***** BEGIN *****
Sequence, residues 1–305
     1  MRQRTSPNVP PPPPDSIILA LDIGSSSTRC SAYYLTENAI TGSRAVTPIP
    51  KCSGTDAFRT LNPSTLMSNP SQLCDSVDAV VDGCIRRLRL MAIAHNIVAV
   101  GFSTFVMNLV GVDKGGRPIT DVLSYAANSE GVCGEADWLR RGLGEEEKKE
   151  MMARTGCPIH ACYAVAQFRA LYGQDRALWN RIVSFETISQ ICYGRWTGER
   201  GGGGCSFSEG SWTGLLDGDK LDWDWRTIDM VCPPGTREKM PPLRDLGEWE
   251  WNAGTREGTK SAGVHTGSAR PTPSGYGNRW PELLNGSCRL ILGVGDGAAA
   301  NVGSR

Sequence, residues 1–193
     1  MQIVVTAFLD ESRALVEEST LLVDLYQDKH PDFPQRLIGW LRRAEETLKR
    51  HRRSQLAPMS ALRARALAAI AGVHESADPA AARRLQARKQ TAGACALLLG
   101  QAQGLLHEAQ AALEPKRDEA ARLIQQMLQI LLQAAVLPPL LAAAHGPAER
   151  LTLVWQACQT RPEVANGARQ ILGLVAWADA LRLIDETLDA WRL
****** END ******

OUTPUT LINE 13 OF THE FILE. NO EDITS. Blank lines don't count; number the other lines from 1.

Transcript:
   151  LTLVWQACQT RPEVANGARQ ILGLVAWADA LRLIDETLDA WRL